Somali president in Ethiopia to discuss crisis

By UNKNOWN
Posted on Tuesday, 2 August 2011 16:20

Somalian President Sheik Sharif Sheik Ahmed is in Ethiopia to discuss the famine in his country, which has forced thousands of people to seek refuge in neighbouring countries.

Ahmed’s visit, which began on Monday, comes at a time when the African Union (AU) Commission is preparing for a conference on the famine in Somalia next week.

Soon after his arrival Sharif held talks with Ethiopian Prime Minister Meles Zenawi.

There were reports that Sharif requested Ethiopia to join in the fight against the drought in Somalia.

Local television reported on Tuesday that Meles expressed Ethiopia’s willingness to provide transportation and logistics support to Somalia.

Sharif is also expected to hold talks on Tuesday with the AU officials on the upcoming conference.

There are more than 100,000 Somali refugees who fled the drought and conflict in camps around Ethiopia.

Meanwhile, UNHCR on Tuesday said it was ready to deliver assistance to up to 180,000 people in Mogadishu and south central Somalia by the end of the month.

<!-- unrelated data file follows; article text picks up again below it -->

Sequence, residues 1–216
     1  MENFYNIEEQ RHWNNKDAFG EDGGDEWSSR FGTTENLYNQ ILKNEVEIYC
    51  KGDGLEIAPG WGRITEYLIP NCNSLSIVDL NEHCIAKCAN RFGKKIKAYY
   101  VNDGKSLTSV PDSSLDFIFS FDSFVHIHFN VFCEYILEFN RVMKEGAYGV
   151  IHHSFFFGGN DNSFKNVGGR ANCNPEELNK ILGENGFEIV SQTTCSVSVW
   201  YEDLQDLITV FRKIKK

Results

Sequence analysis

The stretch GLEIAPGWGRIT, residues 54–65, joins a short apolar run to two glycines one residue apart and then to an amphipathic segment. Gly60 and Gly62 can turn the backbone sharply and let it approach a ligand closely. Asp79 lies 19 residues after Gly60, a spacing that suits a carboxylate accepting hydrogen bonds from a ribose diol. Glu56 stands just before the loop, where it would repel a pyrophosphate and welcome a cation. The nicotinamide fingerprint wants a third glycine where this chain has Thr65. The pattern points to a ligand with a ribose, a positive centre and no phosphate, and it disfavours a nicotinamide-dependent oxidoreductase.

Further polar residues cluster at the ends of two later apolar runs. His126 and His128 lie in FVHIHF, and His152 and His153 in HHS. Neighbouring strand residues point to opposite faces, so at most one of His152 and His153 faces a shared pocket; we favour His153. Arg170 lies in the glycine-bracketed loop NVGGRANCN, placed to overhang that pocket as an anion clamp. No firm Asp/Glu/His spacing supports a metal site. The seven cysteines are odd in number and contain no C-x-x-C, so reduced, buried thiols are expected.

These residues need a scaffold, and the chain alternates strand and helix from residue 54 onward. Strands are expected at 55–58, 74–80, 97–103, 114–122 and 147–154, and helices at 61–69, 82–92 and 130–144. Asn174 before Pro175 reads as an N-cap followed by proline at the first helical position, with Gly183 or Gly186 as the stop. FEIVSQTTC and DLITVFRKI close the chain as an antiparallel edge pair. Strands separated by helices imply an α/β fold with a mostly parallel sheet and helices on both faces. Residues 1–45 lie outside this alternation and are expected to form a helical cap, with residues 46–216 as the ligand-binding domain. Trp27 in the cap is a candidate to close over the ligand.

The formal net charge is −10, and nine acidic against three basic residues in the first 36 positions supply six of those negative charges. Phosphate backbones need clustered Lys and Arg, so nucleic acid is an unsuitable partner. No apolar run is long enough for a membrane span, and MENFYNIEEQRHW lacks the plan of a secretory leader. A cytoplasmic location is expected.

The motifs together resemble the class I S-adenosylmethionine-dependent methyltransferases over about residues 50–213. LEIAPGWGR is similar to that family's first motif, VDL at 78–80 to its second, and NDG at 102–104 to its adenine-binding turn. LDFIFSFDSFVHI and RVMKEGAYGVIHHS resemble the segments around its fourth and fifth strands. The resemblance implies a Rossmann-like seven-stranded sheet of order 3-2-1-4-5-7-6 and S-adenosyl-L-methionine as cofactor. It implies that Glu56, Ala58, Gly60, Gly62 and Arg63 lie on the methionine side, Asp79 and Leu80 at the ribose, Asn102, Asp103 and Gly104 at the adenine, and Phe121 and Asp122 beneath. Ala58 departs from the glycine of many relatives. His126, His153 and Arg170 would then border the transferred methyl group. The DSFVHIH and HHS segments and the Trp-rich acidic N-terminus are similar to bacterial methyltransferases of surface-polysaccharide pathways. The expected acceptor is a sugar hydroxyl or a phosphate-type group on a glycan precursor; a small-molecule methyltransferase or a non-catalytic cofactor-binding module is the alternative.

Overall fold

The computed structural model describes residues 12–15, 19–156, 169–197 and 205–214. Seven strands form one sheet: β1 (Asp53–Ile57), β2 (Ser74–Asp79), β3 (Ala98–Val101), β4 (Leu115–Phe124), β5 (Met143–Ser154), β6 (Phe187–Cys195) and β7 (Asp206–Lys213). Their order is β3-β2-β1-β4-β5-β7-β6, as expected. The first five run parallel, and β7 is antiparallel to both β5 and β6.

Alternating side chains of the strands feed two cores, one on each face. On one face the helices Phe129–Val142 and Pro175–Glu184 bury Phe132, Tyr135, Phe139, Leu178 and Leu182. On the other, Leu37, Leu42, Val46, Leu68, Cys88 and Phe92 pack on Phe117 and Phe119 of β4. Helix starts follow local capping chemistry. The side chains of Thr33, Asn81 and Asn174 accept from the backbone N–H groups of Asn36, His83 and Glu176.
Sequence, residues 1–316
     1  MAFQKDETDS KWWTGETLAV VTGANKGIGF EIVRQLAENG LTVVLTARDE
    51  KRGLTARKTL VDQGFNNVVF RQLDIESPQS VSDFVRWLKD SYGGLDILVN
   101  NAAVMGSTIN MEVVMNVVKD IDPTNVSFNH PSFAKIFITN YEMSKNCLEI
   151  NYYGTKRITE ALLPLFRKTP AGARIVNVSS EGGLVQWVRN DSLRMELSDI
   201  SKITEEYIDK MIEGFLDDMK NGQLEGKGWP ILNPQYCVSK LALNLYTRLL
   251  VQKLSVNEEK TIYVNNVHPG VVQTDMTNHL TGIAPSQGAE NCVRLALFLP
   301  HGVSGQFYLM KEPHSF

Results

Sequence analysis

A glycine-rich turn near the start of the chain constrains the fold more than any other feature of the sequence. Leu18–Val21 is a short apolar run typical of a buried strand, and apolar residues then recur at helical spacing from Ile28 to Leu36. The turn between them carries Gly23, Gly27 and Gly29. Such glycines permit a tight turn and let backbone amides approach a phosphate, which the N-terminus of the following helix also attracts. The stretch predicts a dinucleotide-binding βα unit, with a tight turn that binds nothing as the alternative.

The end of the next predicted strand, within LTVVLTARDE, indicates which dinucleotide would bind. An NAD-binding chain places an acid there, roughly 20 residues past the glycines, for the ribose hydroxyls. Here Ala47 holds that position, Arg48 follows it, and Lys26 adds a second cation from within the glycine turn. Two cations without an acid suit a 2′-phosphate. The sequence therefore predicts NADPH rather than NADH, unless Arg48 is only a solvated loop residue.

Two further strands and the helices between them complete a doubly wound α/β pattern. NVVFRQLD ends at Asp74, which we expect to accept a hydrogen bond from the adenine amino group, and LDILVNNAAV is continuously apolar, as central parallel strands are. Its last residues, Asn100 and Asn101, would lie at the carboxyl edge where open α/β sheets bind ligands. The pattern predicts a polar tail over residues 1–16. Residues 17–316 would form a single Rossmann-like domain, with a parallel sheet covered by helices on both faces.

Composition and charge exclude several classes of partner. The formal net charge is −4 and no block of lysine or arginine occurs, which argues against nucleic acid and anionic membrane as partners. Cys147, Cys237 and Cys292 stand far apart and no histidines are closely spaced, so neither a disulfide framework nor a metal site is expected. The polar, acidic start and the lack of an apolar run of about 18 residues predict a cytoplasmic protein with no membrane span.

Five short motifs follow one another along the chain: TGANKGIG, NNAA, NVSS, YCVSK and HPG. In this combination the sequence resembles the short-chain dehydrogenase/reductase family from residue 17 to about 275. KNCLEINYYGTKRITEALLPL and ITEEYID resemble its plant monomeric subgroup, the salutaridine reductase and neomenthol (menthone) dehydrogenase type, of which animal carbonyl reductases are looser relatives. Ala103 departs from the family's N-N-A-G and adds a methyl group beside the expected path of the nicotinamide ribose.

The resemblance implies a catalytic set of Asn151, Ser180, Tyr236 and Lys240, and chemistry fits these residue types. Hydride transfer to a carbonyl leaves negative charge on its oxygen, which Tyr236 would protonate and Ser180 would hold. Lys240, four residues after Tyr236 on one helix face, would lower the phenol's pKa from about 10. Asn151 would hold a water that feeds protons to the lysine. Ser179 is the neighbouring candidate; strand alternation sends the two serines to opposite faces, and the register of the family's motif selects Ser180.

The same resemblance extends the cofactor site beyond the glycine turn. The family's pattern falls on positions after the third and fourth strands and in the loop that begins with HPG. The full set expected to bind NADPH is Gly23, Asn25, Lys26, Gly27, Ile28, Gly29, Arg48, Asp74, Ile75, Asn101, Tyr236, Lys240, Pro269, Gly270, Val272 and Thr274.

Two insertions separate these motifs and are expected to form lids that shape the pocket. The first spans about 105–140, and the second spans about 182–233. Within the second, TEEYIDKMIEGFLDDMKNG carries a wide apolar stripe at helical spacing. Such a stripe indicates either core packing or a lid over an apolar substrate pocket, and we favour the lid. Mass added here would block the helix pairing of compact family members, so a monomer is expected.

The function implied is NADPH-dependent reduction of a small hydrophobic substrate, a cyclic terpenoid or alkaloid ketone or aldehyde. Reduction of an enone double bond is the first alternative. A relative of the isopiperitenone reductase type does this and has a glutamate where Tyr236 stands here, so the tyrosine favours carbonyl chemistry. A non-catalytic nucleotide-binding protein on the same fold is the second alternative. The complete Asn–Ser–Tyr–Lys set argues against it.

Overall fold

“However, at the same time, our ability to deliver that much needed aid is being hampered by the ongoing fighting in the Somali capital,” the agency said.

“There were already over 370,000 internally displaced people in Mogadishu before the recent drought and famine related displacement, which has driven some 100,000 more desperate people into the war-ravaged city.”

In July alone, UNCHR said over 27,000 people were driven into Mogadishu from the surrounding areas of mainly Bay, Bakool and Lower Shabelle. All these areas have been hard hit by the drought.

“Almost as many people have fled to Mogadishu in just one month (27,100) as were displaced in the entire first quarter of this year (31,400),” UNHCR said.

The agency warned that food security was expected to deteriorate over the coming months.

By August and September, all regions of southern Somalia are likely to face famine, according to the Food Security and Nutrition Analysis Unit’s Famine Early Warning System Network (FEWS NET).

More than two million Somalis are reported to be in need of emergency food aid in addition to over a million children.

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